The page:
As it turns out, apples ARE a part of who I am and how dare I let anyone try and take that away from me! Nietzsche’s saying,”What doesn’t kill me makes me stronger,” is so true. I believe I’m more of a force now than I could ever have been had I not lived through that experience. Armed with a level of cautiousness that can only come about if one is severely burned, I’ve got skills, experience (good, bad and interesting), and a life fire that makes me who I am today, an apple farmer.

To fast forward, I moved back to Virginia last fall to become a full time presence at Foggy Ridge Cider. In addition to being the cider orchardist, I’m also a new business owner and beginning farmer. I’ve started fruit tree nursery called Legacy Fruit Trees and have plans for my own orchards to happen in the very near future.

This blog is about my experiences as an orchardist and a business owner. It’s about the balance between acquiring knowledge and diving in head first. I hope to share all of the good, bad, ugly and WTF moments of my experiences. Basically I want to share how I am(so far) making this work.

basic information young farmers should know about me

My name is Eliza Greenman and I’m an heirloom and cider apple farmer in the Blue Ridge Mountains of Southwestern Virginia. I believe in opening up about the following information and I wish more farmers would do the same. Let’s get rid of the smoke and mirrors, eh?

  • Age: 30 (until December)
  • Businesses: I own an apple tree nursery business called Legacy Fruit Trees (it’s my first year). Other than that, my future orchards are still in my nursery or have yet to be grafted.
  • Do I come from a farming family? No. I come from the [now] suburbs of Southeastern Virginia. My Grandparents once lived on a farm, but they were forced to sell it to the city because of its prime location. They also didn’t farm for a living.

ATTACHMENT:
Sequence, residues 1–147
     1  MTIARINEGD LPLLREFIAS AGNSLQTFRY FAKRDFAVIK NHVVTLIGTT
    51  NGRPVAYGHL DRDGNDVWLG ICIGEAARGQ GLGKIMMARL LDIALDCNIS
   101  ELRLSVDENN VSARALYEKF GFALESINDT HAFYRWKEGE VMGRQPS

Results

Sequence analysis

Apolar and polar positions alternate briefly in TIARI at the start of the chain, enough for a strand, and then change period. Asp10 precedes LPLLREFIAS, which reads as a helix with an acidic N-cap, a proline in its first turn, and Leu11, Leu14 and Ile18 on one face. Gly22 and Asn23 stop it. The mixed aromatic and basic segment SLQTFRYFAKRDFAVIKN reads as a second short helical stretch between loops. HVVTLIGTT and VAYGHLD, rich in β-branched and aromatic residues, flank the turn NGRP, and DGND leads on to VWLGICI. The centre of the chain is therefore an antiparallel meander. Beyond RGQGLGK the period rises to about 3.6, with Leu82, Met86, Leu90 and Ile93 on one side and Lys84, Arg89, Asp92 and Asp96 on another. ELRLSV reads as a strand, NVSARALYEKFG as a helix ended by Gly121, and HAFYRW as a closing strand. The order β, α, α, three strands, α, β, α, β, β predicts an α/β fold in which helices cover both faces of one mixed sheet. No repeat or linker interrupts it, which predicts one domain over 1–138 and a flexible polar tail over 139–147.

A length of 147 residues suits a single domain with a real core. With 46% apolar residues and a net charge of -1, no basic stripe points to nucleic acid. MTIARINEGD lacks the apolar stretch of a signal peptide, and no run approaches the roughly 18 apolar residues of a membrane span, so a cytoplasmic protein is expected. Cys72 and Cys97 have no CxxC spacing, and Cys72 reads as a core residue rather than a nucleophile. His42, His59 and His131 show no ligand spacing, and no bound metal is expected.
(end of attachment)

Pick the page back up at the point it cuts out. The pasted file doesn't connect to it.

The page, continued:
• Do I come from “family money?” For US standards, I would consider my upbringing to be that of middle class.  No trust funds, no direct inheritance, no secret piles of money that I know of.
  • Do I have a family of my own?  No kids. No husband. No boyfriend right now (I’ve been too busy to date). I had a dog but that’s a story for another post.
  • Do I own land? Nope, sure don’t.  I’m involved in a series of creative arrangements that basically work out to being a long-term lease. I will talk about this in full later. It’s a long story.
  • Do I have an off-farm job? Technically, no. I live and work on a farm that is home to a hard cider company. I manage their hard cider orchards 2 days a week, which amounts to around $850/month. Lots more to come regarding that relationship.
  • Did I go to college?   Yes, I went to a 4 year university and earned a BS degree in Forestry.
  • Did I graduate with student loans? I graduated with $20,000 in student loans and managed to pay them off last year (2013).  $10,000 of those loan repayments came from Americorp’s Educational Award.

Ok, I think that’s a start in transparency. Any questions, don’t hesitate to ask. I solemnly swear to be as honest as possible in this blog.